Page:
“But know this: if the owner of the house had known at what hour the thief was coming, he would not have let his house be broken into. You also must be ready, for the Son of Man is coming at an unexpected hour.”
Peter said, “Lord, are you telling this parable for us or for everyone?” And the Lord said, “Who then is the faithful and prudent manager whom his master will put in charge of his slaves, to give them their allowance of food at the proper time? Blessed is that slave whom his master will find at work when he arrives. Truly I tell you, he will put that one in charge of all his possessions.
But if that slave says to himself, ‘My master is delayed in coming,’ and if he begins to beat the other slaves, men and women, and to eat and drink and get drunk, the master of that slave will come on a day when he does not expect him and at an hour that he does not know, and will cut him in pieces, and put him with the unfaithful. That slave who knew what his master wanted, but did not prepare himself or do what was wanted, will receive a severe beating. But the one who did not know and did what deserved a beating will receive a light beating.
From everyone to whom much has been given, much will be required; and from the one to whom much has been entrusted, even more will be demanded.
New Revised Standard Version, copyright 1989, by the National Council of the Churches of Christ in the United States of America. Used by permission. All rights reserved. USCCB approved. http://www.usccb.org/bible/approved-translation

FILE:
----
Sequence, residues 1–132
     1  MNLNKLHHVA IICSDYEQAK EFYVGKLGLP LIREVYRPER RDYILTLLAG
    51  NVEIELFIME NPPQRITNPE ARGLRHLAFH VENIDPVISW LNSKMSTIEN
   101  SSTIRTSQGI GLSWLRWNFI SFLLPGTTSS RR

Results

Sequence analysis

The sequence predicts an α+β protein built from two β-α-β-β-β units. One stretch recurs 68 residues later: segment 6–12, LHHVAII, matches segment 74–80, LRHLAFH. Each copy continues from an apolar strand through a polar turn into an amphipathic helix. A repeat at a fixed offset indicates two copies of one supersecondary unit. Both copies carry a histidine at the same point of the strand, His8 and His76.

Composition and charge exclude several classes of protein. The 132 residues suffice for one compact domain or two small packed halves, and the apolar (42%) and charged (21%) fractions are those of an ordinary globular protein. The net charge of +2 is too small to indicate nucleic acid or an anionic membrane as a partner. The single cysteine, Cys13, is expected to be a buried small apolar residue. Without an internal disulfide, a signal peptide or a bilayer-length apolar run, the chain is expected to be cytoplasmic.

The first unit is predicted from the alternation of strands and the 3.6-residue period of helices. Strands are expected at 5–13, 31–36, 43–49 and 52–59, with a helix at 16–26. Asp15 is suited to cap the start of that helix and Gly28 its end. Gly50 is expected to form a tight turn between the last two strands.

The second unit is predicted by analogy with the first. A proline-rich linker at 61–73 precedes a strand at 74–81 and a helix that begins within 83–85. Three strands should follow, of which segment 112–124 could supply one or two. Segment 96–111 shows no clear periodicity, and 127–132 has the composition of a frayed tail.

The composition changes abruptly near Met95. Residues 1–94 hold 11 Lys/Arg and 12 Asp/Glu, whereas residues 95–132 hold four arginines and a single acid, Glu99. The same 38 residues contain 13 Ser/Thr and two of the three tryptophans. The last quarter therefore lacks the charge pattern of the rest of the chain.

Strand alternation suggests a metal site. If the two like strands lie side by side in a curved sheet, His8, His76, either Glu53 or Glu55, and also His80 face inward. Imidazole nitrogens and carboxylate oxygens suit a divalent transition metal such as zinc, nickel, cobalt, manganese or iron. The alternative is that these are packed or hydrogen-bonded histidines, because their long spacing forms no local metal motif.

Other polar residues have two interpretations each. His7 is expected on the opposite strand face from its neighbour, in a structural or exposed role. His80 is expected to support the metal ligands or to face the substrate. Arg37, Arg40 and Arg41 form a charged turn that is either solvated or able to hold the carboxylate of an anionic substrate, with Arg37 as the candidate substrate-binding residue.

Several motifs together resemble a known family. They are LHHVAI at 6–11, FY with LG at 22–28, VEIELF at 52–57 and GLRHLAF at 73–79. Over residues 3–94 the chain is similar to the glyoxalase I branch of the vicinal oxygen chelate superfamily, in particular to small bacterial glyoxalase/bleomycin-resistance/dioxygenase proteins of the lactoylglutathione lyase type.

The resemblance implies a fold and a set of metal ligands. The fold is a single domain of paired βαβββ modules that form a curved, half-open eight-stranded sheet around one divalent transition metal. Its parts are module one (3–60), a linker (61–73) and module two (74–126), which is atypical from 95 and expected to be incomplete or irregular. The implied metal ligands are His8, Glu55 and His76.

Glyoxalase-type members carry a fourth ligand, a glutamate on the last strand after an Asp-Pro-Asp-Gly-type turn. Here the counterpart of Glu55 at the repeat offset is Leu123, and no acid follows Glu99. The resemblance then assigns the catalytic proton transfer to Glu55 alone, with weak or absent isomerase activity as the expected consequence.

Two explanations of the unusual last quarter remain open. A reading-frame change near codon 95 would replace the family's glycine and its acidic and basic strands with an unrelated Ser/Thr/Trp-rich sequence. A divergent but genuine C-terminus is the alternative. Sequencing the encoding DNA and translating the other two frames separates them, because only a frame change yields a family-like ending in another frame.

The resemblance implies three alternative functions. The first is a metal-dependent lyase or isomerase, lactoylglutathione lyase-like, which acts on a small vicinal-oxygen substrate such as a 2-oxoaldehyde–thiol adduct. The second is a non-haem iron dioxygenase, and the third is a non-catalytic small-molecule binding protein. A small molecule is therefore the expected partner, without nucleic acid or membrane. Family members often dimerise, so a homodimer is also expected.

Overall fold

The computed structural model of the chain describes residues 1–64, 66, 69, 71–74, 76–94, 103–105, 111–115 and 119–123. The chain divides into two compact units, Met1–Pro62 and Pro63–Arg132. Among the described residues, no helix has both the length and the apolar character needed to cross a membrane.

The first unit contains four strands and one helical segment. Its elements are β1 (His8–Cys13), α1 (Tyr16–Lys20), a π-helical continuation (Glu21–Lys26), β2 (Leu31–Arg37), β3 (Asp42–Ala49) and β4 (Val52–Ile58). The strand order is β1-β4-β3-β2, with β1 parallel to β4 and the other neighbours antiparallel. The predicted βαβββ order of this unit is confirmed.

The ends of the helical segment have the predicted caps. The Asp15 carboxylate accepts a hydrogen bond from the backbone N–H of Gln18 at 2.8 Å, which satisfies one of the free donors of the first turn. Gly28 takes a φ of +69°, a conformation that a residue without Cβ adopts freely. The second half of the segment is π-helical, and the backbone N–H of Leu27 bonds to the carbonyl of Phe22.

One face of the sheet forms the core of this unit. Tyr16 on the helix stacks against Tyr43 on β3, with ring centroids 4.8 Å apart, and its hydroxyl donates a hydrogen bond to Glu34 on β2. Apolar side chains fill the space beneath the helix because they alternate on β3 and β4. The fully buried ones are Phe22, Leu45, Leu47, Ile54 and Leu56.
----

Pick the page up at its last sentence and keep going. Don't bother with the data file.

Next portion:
Luke’s gospel is loaded with important faith lessons:
On the surface, Luke’s lessons are practical. If we are prepared and remain faithful, we will find our reward and avoid punishment.
A popular Christian saying captures it this way: “Always open your door to the stranger because it might be Jesus in disguise.” But if we dig deeper, Luke is teaching us that by being faithful servants, we are called upon to serve others “and not to seek reward,” as Saint Ignatius would say, “except that of knowing that I do your will.” In other words, we open our door to the stranger because that is what Christ would do.
Today’s gospel concludes with a challenge: To whom much is given, much is expected.
How might we meet this challenge today and everyday?
—Jeremy Langford is the director of communications for the Midwest Jesuits, founding editor of JesuitPrayer.org, and author of Seeds of Faith: Practices to Grow a Healthy Spiritual Life ©2007 Paraclete Press, Brewster, MA.
Lord, teach me to be generous;
teach me to serve you as you deserve,
to give and not to count the cost,
to fight and not to heed the wounds,
to toil and not to seek for rest,
to labor and not to seek reward,
except that of knowing that I do your will. Amen.
—Saint Ignatius LoyolaPlease share the Good Word with your friends!